I’ve previously addressed the issues of how to correctly construct your site for maximum findability in the search engines.
The bad news is that you can do absolutely everything right, and still get zeroed. Despite valiant, proper and persistent efforts to score a top ranking, many site owners find themselves fighting against an enemy whose logic eludes them.
If you’re frustrated by a lack of good placement in the search engines, you’re not alone. Here’s why:
Yahoo decides who gets in (and who doesn’t) on a whim…They can’t even promise you that they’ll even look at your submission (unless you’re willing to pay them $199… and even then, that doesn’t guarantee that they’ll include you… they’ll just guarantee that they’ll subject you to their whim within 48 hours).
Excite has still not indexed a majority of new submissions since October of last year. They currently appear to only be spidering existing sites in its index right now and ignoring new submissions.
Go.com (formerly Infoseek), has announced that they are repositioning their portal to focus more on the entertainment industry. Therefore, heavier emphasis will be placed on the entertainment and leisure sections of the search engine and they plan to phase out some of their non-entertainment categories. Are you registered with go.com? Unless your site has to do with entertainment or leisure, get ready to kiss your hard work goodbye.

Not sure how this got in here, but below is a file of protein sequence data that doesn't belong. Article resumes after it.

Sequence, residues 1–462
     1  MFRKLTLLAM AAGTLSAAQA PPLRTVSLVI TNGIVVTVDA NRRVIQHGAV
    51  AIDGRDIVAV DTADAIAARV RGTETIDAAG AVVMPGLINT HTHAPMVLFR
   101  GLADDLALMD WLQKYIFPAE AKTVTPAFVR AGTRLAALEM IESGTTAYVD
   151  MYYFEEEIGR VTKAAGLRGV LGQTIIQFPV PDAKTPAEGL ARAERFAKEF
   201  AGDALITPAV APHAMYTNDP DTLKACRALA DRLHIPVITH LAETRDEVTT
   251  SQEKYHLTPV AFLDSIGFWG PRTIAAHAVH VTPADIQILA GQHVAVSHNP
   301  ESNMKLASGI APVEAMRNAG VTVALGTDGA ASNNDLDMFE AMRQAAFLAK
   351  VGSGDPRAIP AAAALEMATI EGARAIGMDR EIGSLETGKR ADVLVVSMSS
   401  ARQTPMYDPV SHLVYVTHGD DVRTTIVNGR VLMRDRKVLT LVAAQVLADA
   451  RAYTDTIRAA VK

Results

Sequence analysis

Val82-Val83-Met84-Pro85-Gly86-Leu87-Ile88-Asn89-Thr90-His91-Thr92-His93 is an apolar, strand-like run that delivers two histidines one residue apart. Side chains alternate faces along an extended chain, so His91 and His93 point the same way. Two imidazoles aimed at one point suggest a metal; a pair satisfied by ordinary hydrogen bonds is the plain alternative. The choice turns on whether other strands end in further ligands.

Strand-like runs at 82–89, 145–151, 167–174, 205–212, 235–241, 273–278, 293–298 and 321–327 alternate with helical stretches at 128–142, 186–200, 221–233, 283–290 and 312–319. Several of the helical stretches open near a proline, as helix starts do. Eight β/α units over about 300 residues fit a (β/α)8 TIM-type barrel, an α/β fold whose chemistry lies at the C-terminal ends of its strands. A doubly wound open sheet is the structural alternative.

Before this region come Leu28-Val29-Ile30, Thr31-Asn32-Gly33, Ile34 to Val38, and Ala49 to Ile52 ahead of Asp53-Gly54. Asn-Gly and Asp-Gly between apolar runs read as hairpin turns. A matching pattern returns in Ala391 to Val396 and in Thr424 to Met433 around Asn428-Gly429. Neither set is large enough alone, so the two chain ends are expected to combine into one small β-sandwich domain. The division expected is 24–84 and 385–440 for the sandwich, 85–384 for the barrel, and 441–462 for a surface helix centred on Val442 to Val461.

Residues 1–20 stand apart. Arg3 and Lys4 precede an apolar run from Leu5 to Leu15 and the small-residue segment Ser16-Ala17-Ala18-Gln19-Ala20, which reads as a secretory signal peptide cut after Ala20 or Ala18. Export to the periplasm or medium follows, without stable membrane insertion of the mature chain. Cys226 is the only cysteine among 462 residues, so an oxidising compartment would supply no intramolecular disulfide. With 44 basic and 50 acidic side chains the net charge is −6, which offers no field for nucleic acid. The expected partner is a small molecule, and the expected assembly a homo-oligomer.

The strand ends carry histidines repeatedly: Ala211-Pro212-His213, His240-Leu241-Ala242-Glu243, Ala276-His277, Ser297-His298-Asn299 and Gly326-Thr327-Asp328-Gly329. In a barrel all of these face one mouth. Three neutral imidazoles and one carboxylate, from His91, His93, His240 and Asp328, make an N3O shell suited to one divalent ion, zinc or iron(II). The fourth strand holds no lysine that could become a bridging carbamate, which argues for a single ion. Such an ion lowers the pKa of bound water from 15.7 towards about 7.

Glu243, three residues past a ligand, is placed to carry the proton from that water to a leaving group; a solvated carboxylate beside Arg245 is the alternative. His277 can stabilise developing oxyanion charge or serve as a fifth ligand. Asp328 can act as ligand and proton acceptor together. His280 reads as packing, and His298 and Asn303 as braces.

AltaVista is making pages disappear for awhile only to re-appear days or sometimes weeks later. No explanation and no remedy.
Late last year, there were reports that sites being submitted to MSN were being rejected. The error returned warnings that the page had already been submitted from that domain in the last 24 hours and would not allow you to submit again. That would be fine, except, this error was reported to come up even though the user had NOT submitted in the last 24 hours, or may have never even submitted at all.
Snap.com and Thunderstone automatically find new sites and index them, even before they’re ready to be indexed. Thousands of “Under Construction” pages on new sites get indexed by these search engines, and then can’t be corrected when the real site goes live.
Companies that guarantee you top placement may actually be preventing you from getting in at all. These services all have an identifiable IP address that a search engine can easily discriminate against, and many are.
To keep up with all the latest strategies (and work around all the obstacles), I’ll be adding a new member to my staff this month who will have search engine registration as one of their primary duties. Clients with search engine registration as part of their maintenance plans will benefit by having someone whose goal it is to promote high placement by keeping up on the latest news and strategies.
Share this article